Of all the classic songs we hear around Christmas time Silent Night is some of the most peaceful and focused tunes. The story of how it emerged is humble and beautiful, just like its words. If we take a minute to truly listen, its meaning will rise and well up in our hearts.
Halloween is a fun, annual tradition when kids of all ages dress up and walk down the streets in their best spooky attire, scavenging for candies. Houses are decorated, horror stories abound and many adults do their best to join the fun by either giving out candies to the trick-or-treaters, dressing up, or both.
Like most other holidays of the year, stores are happy to make it their own by selling their Halloween-themed goods and this now widely commercial holiday promises fun, thrills and laughter for the whole family. But where did it start? Should Christians be concerned by its roots? Should we celebrate it or take part in any of it? Here are some answers.
The temperature was just right, a summer evening like I love them. My pal and I sat outside with our friends, amused, as they bombarded us with questions they couldn’t keep to themselves. “You are young and healthy, and you’ve got your life ahead of yourself. What is it that you need in this Jesus thing?” They couldn’t grasp how we could rejoice in Christ, nor what pleasure we could take in our new-found faith.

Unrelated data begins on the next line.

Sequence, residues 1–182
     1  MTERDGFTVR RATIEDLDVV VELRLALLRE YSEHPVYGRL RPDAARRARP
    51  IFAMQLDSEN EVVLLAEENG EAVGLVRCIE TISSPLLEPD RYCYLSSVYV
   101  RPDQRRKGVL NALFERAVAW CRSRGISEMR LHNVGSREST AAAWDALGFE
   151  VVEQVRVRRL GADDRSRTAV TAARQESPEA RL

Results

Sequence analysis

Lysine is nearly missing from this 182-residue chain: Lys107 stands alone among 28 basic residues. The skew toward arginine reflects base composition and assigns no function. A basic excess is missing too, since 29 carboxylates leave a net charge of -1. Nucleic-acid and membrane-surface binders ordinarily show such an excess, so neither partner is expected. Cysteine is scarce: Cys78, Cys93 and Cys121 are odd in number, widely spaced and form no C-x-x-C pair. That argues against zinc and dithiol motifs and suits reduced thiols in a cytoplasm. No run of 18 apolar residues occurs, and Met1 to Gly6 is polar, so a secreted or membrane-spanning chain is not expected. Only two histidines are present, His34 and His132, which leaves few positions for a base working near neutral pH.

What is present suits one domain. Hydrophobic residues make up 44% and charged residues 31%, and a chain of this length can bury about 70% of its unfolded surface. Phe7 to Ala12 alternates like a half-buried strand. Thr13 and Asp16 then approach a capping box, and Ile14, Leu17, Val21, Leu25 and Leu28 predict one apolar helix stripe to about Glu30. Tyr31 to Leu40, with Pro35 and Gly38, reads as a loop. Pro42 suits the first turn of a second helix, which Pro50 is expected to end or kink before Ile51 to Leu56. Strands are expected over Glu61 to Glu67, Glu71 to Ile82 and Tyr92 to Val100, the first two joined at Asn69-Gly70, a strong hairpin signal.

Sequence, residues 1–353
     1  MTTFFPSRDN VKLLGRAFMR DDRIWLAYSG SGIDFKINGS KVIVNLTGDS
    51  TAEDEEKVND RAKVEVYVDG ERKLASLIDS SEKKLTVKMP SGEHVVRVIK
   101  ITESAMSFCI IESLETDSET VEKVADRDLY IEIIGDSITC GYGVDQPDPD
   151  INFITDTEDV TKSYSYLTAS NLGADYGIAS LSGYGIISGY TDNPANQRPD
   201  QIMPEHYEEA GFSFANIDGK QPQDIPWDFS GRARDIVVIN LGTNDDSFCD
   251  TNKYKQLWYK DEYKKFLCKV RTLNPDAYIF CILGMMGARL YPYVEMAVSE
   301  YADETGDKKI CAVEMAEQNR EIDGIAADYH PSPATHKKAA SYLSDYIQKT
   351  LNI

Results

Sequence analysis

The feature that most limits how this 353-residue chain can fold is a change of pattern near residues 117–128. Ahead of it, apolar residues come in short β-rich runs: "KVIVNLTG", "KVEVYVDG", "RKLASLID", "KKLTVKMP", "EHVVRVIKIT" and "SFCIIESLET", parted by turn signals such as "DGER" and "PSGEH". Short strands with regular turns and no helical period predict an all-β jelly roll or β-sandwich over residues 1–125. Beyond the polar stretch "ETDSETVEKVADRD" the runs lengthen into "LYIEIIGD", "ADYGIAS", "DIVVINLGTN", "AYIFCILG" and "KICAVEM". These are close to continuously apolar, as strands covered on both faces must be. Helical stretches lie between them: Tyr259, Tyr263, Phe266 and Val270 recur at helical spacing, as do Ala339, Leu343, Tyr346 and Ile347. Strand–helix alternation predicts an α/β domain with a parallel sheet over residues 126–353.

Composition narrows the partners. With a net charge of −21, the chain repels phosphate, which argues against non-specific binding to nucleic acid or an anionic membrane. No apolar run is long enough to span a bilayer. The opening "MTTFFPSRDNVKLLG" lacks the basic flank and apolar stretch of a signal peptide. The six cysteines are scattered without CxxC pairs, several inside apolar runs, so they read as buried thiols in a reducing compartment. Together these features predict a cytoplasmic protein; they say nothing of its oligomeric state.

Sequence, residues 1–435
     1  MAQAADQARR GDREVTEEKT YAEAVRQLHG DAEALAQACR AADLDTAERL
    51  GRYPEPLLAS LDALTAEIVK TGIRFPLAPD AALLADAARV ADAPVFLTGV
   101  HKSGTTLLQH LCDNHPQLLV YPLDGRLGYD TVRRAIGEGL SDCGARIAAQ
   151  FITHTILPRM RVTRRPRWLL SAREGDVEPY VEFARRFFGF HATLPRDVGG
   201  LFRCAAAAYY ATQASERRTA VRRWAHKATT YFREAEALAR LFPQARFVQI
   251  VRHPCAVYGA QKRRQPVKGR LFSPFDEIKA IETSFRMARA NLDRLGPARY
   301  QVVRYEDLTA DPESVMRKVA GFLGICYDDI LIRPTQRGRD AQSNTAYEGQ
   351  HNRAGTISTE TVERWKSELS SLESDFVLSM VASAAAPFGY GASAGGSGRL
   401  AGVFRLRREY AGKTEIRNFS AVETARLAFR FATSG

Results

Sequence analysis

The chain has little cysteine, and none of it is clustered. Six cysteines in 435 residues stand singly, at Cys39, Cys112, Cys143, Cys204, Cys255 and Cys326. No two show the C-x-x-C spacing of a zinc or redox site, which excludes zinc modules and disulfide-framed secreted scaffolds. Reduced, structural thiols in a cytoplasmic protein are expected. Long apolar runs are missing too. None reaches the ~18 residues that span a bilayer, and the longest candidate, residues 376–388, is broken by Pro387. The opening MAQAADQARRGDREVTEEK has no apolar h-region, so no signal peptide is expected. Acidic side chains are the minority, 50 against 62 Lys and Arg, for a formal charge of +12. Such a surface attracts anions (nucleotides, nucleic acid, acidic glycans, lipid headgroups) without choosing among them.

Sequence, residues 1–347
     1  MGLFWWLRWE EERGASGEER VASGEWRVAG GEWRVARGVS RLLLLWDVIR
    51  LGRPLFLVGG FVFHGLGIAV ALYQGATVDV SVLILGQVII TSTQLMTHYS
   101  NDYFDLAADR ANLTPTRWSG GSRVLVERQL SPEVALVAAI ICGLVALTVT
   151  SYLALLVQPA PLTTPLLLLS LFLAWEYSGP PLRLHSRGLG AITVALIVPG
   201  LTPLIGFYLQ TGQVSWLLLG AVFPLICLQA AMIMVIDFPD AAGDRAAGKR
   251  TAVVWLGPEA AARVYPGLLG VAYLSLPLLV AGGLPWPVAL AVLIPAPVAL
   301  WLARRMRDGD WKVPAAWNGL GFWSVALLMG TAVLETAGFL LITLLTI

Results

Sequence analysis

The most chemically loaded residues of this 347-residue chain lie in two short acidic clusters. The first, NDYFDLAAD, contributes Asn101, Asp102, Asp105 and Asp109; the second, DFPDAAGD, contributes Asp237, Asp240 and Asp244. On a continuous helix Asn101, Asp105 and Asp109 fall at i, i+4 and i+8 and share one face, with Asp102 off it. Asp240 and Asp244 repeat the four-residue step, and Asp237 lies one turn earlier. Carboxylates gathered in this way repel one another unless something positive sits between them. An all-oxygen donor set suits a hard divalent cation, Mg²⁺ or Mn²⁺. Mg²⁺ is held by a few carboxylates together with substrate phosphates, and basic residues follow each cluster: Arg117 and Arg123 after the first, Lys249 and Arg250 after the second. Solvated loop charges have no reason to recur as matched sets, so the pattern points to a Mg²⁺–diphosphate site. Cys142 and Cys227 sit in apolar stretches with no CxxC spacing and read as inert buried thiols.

I pulled on the bakery paper, and sank my teeth in the scrumptious pastry I had carefully chosen for breakfast. Instantly, flavors started swirling on my tongue: cinnamon, sweet spices, carrots, all being released from this tender, melting, velvety texture… I had forgotten how suave a carrot muffin can truly be. I was “messing up” on purpose.
Some time ago already, I have made a decision that junk food would be out of my menu. Except on rare occasions such as weddings, birthday, and other very special events-like having ice cream with three of the loveliest British kids I know.
Do you know who you are? Do you know how much knowing your identity can change the course of your life? Not knowing can be like being an ocean liner on a small lake, or a rowboat on the ocean. Both are less than ideal, and can even prove to be dangerous, or a complete waste of potential.
On the other hand, knowing just who you are in Christ can make for a very powerful answer to your calling, allowing God to work in your weaknesses, and propelling you to boldly step ahead, walking on fears that might otherwise get the best of you.